WELLINGTON: Whenever I start a project, I want to do it my own way. Otherwise where’s the fun? I start with the traditional version, and think about how I can play with it. That way I can add something new, and hopefully something fresh. My zombies don’t just eat brains — they eat anything organic. They peel gum off the street and eat it if there’s nothing else. They’re the ultimate consumers. My vampires were a direct reaction to the romantic vampires you see so often these days. I wanted my vampires to be scary — predators in a world where we would have a very hard time fighting back. And so on.hair ablowin

VENTRELLA: What’s next? Any plans to give us a fresh take on another horror creature?

WELLINGTON: There will be two books in my new werewolf series–FROSTBITE, out now, and OVERWINTER, which will come out next year. I’d like to do a fifth vampire book, to finish the series.

VENTRELLA: The protagonist of your vampire series, Laura Caxton, is lesbian which is quite unusual for mainstream horror. Anything specific that prompted you to that decision?

WELLINGTON: There wasn’t a lot of decision-making involved. When I created Laura, I knew I had a scene where she comes home after a very nasty day at work and gets into bed. I knew there would be someone in the bed waiting for her — when I got to that scene, the other person just happened to be another woman. The character was partly based on my sister, who is gay. Beyond that I gave it very little thought–and nobody ever gave me a hard time about it. My editors never blinked. My readers have accepted it without making a big deal out of it. I was pleasantly surprised by that.

VENTRELLA: What are your favorite books in the horror genre? Favorite horror movies?

WELLINGTON: My favorite books in horror are the classics — Lovecraft, Poe, Arthur Machen. As far as movies go, I like any horror movie that plays with the genre or expands a story in an interesting way. “Near Dark” is a great film, as is “Let the Right One In,” for this reason.

VENTRELLA: Have you ever considered writing in any other genre?

WELLINGTON: When I started publishing, it was with a horror novel. But I’ve never considered myself just a horror writer — I’ve actually written far more science fiction novels than horror novels, they just never got published. I write fantasy, mystery, even literary fiction — whatever idea comes along, I pounce on it.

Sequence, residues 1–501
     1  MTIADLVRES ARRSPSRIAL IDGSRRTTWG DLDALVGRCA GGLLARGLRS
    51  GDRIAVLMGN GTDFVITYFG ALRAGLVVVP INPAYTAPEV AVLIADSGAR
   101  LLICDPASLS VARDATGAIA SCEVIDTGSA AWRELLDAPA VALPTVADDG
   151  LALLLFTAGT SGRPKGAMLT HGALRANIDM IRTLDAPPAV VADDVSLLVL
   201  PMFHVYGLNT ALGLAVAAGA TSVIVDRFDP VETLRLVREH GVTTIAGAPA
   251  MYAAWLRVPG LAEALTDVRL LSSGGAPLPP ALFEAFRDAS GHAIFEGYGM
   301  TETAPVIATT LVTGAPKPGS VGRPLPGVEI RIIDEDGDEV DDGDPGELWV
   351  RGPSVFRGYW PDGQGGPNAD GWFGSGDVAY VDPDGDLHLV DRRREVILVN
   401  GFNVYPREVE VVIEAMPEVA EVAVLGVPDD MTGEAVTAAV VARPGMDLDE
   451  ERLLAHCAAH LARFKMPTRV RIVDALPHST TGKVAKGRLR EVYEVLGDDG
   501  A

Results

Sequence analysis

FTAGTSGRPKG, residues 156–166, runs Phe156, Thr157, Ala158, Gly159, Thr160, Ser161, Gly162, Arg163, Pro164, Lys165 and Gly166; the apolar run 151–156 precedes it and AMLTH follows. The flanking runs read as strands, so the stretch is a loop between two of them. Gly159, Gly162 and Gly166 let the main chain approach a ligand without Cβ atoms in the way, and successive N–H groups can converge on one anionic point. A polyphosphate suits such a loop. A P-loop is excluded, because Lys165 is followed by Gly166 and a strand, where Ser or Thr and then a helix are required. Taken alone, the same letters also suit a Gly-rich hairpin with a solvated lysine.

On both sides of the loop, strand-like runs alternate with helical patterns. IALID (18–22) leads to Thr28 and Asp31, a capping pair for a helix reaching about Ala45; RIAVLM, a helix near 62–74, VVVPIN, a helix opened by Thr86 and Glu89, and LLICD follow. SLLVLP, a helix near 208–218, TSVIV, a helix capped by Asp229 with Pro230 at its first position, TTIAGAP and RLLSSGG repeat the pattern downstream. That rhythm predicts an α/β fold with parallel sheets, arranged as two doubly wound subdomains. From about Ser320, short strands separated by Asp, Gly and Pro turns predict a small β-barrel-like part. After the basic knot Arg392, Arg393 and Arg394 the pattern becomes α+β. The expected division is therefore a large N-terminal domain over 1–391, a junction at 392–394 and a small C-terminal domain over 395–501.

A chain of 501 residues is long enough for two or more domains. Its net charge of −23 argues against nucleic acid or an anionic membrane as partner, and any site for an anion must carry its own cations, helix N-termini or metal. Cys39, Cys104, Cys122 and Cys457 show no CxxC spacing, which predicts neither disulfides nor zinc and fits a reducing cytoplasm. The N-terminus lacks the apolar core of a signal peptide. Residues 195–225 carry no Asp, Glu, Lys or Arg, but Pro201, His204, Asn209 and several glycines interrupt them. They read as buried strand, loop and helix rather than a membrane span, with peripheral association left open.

VENTRELLA: What’s your favorite monster?

WELLINGTON: Frankenstein’s Monster, definitely. There’s something about that character — both in Mary Shelley’s book and in the Universal films — that really speaks to me, an existential loneliness that demands answers. What am I? Why was I created? What am I supposed to do now? The monster asks all these questions, and gets no answers. That’s how I feel every morning when I wake up. Then I eat my cereal and get to work and I feel a lot better.

VENTRELLA: Do you have any specific advice you would give a writer trying to make it in the publishing business that they may not have heard before?

WELLINGTON: Keep writing — it can seem pointless, but it’ll work eventually. Something will catch somebody’s eye. Or you’ll improve as a writer to the point where people can’t ignore you any more. Try to tell stories, rather than creating great art. Keep reading books — every book, good or bad, has something to teach you.frostbite

VENTRELLA: What are you most proud of? For What would you like to be remembered?

WELLINGTON: A book that hasn’t been published yet. One I haven’t written yet. Every book I write is better, in some way, than the last. I don’t want to be one of those writers who publishes one good book and then can never catch that fire again. I want to be the guy who’s best work is always his latest one, like Terry Pratchett.

VENTRELLA: What are you working on now that we can look forward to?

WELLINGTON: FROSTBITE, my werewolf book, is out right now–you can get it at Amazon or in any bookstore. There will be a sequel called OVERWINTER, out next year. I hope you’ll like them!